The theme of Daniel is not “be brave like Daniel.” It’s not end-time prophecy. The theme of Daniel is God. The original hearers were Jewish exiles whose world had ended with the destruction of Jerusalem and the temple. Was God still in control? A. W. Tozer once wrote: “what comes into our minds when we think of God is the most important thing about us.” That’s what this magnificent OT book is about.
Rev. 22:6-21 serves as the epilogue to the Book of Revelation. John concludes this great book by reminding his readers of the authoritative nature of this book. He tells us that its words are “trustworthy and true” and that the one who obeys its teaching shall be eternally blessed. He also reminds us of the imminent return of Jesus Christ. Three times in this passage, Jesus says, “I am coming soon” (v. 7, 12, 20). For this reason, John says that those who are anxiously awaiting his return should remain steadfast in their pursuit of righteousness and holiness. Jesus promises to richly reward all those who faithfully persevere to the end. By the grace of God, all of the elect will attain entrance into the NewJerusalem where they will have free access to the Tree of Life for all eternity. Therefore, the church of every age joyously proclaims, “Amen! Come, Lord Jesus!”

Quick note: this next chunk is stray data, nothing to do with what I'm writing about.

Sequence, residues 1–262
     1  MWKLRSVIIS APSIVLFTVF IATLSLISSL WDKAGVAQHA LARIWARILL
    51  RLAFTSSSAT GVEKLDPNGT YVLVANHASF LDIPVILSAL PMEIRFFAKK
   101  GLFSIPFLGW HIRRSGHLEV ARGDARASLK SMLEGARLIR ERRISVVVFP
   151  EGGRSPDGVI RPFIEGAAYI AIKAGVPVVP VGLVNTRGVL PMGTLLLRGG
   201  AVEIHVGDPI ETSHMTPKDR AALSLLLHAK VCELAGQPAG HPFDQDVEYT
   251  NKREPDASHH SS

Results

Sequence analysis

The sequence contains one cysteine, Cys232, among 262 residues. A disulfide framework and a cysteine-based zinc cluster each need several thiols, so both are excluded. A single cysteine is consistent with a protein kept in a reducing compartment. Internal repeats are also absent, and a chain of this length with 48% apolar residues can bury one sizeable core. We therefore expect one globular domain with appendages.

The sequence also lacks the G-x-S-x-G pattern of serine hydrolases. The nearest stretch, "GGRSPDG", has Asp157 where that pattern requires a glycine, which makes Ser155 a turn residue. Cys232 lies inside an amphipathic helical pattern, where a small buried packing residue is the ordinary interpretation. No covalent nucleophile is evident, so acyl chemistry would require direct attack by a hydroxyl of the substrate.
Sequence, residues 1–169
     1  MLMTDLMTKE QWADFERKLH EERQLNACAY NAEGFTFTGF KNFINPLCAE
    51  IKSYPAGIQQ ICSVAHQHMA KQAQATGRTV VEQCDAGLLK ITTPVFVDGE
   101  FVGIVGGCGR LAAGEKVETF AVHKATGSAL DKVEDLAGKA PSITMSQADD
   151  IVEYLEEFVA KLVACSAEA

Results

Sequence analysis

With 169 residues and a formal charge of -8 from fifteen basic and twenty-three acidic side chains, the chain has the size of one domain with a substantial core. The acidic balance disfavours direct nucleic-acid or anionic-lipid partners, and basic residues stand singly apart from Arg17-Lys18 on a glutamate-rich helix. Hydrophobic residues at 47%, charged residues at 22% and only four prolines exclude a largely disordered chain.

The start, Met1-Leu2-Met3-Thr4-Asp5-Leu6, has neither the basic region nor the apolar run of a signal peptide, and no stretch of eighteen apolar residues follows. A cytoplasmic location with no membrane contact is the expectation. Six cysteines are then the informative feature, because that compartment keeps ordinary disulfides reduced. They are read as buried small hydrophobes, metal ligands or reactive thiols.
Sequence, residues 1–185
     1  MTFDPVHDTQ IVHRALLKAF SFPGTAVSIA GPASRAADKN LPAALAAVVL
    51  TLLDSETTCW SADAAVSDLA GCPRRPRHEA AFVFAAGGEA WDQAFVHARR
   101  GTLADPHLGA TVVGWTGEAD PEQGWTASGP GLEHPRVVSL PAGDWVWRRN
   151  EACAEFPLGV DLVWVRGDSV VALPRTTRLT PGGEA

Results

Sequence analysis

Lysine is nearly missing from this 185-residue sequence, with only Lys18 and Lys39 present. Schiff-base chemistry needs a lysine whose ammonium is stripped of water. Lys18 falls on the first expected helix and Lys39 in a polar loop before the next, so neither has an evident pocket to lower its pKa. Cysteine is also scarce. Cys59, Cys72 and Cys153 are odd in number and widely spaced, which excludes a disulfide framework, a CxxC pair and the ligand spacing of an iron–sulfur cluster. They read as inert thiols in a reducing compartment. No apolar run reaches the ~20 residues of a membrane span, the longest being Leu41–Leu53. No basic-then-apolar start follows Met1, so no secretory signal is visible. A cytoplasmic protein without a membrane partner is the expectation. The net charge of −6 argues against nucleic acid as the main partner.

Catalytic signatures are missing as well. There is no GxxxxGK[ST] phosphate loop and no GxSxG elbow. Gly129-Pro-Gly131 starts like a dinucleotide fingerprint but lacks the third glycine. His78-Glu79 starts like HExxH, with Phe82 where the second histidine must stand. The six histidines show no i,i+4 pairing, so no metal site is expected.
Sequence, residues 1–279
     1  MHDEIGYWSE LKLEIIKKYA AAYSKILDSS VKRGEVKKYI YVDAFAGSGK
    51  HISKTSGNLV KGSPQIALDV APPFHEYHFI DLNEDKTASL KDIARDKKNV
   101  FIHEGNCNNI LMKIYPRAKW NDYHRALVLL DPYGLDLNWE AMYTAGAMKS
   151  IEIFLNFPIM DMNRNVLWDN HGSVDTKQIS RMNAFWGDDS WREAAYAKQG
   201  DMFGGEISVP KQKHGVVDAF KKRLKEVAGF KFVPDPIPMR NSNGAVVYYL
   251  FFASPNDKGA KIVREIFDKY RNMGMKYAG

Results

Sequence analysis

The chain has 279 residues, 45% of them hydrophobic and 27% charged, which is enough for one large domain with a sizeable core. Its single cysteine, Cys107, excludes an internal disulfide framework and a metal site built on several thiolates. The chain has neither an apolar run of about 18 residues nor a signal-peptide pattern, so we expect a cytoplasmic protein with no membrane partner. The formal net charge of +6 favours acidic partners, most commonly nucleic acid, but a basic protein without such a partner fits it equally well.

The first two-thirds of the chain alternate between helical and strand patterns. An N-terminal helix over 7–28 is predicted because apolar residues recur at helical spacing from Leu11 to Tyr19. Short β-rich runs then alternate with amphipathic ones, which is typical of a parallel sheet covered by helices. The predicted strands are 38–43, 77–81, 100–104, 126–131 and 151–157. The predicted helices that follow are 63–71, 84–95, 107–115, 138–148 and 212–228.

In Rev. 22:1-5, John completes his description of the New Jerusalem. This passage identifies three basic things necessary for life: water, food, and health. John tells us that in the New Jerusalem there will be an abundance of each of these three commodities. We will drink from the River of Life; we will eat from the Tree of Life; and we will be enjoy health and prosperity simply by touching the leaves of the Tree of Life. In the New Jerusalem, God will fully satisfy all the needs of his people.
These verses bring Paul’s second letter to the Corinthians to a close. They include a benediction, probably the most well-known benediction other than Aaron’s, found in Numbers 6. What is a benediction? It’s noteworthy that these final verses are dripping with optimism and joy. How could Paul write such things to a church that was so dysfunctional and had hurt him so deeply?
In Rev. 21:9-27, John presents a marvelous vision of the New Jerusalem. While we may be tempted to think of the New Jerusalem as a place, John makes it clear that he is talking about a people – the eschatalogical community of the redeemed. He describes the eternal church as a beautiful bride walking down the aisle to meet her groom, Jesus Christ. And she is not only radiant in her beauty, she is also strong, secure and perfect in her holiness. The Lord God dwells within her gates, and the light of his countenance provides abundant illumination for all who are privileged to live there.
One last time Paul applies the principal of strength in weakness as he pastors the church in Corinth. What does it mean for us to likewise “pastor” one another?